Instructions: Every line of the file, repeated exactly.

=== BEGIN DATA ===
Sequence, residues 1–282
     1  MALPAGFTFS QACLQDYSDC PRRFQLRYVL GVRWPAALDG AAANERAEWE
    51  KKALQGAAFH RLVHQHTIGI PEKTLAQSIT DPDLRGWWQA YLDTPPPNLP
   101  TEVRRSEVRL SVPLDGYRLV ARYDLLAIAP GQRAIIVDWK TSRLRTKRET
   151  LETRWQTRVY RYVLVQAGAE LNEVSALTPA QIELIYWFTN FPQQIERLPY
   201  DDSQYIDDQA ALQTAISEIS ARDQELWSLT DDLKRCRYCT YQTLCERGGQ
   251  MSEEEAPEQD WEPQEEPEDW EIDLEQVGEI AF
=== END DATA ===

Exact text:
Sequence, residues 1–282
     1  MALPAGFTFS QACLQDYSDC PRRFQLRYVL GVRWPAALDG AAANERAEWE
    51  KKALQGAAFH RLVHQHTIGI PEKTLAQSIT DPDLRGWWQA YLDTPPPNLP
   101  TEVRRSEVRL SVPLDGYRLV ARYDLLAIAP GQRAIIVDWK TSRLRTKRET
   151  LETRWQTRVY RYVLVQAGAE LNEVSALTPA QIELIYWFTN FPQQIERLPY
   201  DDSQYIDDQA ALQTAISEIS ARDQELWSLT DDLKRCRYCT YQTLCERGGQ
   251  MSEEEAPEQD WEPQEEPEDW EIDLEQVGEI AF